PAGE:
Biosecurity manual; https://inside.fei.org/system/files/...ber%202018.pdf

                          PAQ Post Arrival Quarantine – this will occur in TIEC Barn 5 exclusively, and in the adjacent PAQ Isolation Stalls.

                          • The arrivals schedule for international horses has been coordinated by Peden Bloodstock GmbH and The Dutta Corporation, who are the Official International Shipping Agents for WEG and are the equine transport logistics managers for international horse movements to and from TIEC for the WEG. In addition, some horses arriving at TIEC will be shipped IRT (International Racehorse Transport).

                          • Full details of shipping arrangements can be found in the Equestrian Freight Manual (available from the FEI website1 ).

                          • International FEI Competition horses flying direct to North Carolina for WEG will arrive at Greenville-Spartanburg International Airport (GSP). Note that international horses flying to other US airports (New York, Miami and Chicago) will clear PAQ at the port of entry and will move to the venue as Domestic FEI Competition Horses to go through the same entry procedure as horses that are resident in the USA. International horses being imported under CEM-waiver that have cleared PAQ at the port of entry will be monitored by USDA and will be shipped to TIEC in sealed trailers. Details of USDA procedures for international arrivals, including horses under CEMwaiver, can be found in the USDA WEG Arrival SOP.

                          • On arrival at GSP, horses will be unloaded and the required blood samples for PAQ testing (EIA, Equine Piroplasmosis, Dourine and Glanders) will be collected by USDA personnel. Horses will then be transferred to trucks for transport to TIEC under the supervision of USDA personnel. Trucks will be escorted to TIEC by State Police vehicles and USDA.

                          • On arrival at TIEC, trucks will clear security at the venue entry point and then move to the secure PAQ area (Barn 5) where horses will be unloaded under the supervision of Peden Bloodstock personnel and transferred into the relevant ‘pod’ within PAQ.

                          • Once horses are in the PAQ barn, they become the responsibility of, and are under the jurisdiction of, the USDA team.

                          • Grooms will have access to the pod to assist with settling horses into their stables and assisting with initial clinical examination. Once this is complete, grooms will leave the pod, the pod will be sealed and the 42 h PAQ period begins. Grooms and treating vets will have access to the pod only with the approval of the USDA. Details of USDA procedures for PAQ can be found in the USDA WEG PAQ SOP.

                          • Horses will receive a minimum of four rectal temperature checks during PAQ (the first at initial arrival and then every 12 hours) as specified in the USDA WEG PAQ SOP. Horses will be released from PAQ once the 42 hour period is completed provided they have remained clinically normal and all test results are negative (or, in the case of Piroplasmosis, the PAQ test result matches the horse’s expected Piroplasmosis status). Further details about import testing protocols can be found in the USDA Equine Import testing Protocol2 .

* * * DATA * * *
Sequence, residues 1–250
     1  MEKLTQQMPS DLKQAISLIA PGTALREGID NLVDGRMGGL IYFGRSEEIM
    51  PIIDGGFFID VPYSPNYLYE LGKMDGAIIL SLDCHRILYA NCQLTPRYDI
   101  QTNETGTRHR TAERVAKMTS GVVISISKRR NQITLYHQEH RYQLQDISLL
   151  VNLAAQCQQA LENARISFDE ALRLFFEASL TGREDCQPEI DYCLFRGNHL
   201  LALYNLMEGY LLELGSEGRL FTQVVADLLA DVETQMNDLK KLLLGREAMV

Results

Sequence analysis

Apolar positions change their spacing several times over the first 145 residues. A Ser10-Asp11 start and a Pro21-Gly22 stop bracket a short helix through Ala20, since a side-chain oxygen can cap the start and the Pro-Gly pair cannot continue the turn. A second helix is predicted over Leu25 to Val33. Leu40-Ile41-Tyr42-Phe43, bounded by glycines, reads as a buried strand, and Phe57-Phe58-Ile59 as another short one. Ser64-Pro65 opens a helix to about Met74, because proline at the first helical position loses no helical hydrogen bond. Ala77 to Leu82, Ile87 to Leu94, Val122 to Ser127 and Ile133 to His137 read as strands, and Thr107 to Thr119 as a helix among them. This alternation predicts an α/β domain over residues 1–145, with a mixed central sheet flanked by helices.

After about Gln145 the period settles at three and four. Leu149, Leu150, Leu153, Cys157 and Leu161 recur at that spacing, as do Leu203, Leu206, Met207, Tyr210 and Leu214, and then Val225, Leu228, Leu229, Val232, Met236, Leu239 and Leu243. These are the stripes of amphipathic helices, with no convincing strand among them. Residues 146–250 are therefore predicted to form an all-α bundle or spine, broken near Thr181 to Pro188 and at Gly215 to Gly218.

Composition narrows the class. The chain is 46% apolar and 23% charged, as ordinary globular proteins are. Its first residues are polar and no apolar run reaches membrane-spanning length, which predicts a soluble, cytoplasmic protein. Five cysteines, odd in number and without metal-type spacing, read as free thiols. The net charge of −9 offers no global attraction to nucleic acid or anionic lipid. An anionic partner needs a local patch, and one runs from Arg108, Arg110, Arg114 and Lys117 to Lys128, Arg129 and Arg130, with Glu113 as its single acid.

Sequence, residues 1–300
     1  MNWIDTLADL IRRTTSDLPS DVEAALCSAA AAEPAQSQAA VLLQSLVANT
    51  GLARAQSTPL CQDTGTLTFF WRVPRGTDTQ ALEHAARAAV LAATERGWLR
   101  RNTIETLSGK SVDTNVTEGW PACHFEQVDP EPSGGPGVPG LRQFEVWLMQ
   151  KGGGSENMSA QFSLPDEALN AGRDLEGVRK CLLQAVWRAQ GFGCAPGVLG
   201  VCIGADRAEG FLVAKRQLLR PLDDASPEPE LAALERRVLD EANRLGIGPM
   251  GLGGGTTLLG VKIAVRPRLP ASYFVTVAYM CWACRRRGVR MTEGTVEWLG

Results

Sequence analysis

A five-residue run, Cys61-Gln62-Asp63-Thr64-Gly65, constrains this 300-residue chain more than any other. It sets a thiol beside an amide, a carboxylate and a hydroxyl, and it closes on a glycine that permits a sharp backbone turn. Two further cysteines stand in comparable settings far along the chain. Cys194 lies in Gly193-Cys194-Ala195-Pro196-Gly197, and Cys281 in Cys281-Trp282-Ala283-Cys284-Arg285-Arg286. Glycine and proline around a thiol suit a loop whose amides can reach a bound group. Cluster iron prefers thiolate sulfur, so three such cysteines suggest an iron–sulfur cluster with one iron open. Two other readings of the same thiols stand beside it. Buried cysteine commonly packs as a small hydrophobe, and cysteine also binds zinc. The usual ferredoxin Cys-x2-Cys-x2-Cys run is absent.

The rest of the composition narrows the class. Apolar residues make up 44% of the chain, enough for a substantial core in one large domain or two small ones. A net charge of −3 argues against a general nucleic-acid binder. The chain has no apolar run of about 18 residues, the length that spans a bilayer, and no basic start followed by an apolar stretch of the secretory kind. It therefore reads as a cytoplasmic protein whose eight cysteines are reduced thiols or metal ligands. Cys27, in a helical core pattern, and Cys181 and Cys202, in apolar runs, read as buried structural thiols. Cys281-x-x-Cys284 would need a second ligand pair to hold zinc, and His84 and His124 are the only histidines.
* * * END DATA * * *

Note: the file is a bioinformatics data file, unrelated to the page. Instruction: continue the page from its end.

• Once released from PAQ, grooms will walk horses across to the FEI Venue Barns under the direction of the Stables Manager. International horses under the CEM-waiver are subject to USDA monitoring (see USDA WEG SOP for monitoring CEM-waiver horses).
                          Last edited by Equibrit; Sep. 5, 2018, 06:32 PM.
                          ... _. ._ .._. .._

                          Comment


                          • #14
                            I did see the pictures from the airport with the trailers parked side by side with the ramps connecting them so the horses literally don’t set foot on the tarmac; the post above detailing the quarantine procedures explained that thoroughly.
                            Leap, and the net will appear

                            Comment


                            • #15
                              Originally posted by trubandloki View Post
                              Good reason or not, it seems weird that they are not allowing people to take photos of their own horse.
                              The FEI seems to excel at being heavy-handed. (Also they seem to suck at PR.)

                              As for why, the article seems pretty clear: "federal officials forcefully followed up a decision by the Switzerland-based International Equestrian Federation (FEI) to restrict news coverage to itself"--the FEI wants to provide all coverage. I can't imagine how that's legal, but they seem to have gotten away with it.

                              Comment


                              • #16
                                Originally posted by amb View Post

                                The FEI seems to excel at being heavy-handed. (Also they seem to suck at PR.)

                                As for why, the article seems pretty clear: "federal officials forcefully followed up a decision by the Switzerland-based International Equestrian Federation (FEI) to restrict news coverage to itself"--the FEI wants to provide all coverage. I can't imagine how that's legal, but they seem to have gotten away with it.
                                I saw a blurb somewhere (not sure where) that Isabell Werth was complaining about the USDA procedures. Don't know the specifics, so not sure if it was because of the media blackout rule or something else. I think the same article mentioned that her horse wouldn't drink the water at TIEC and her support crew was seen buying crates of bottled water at Wal-Mart.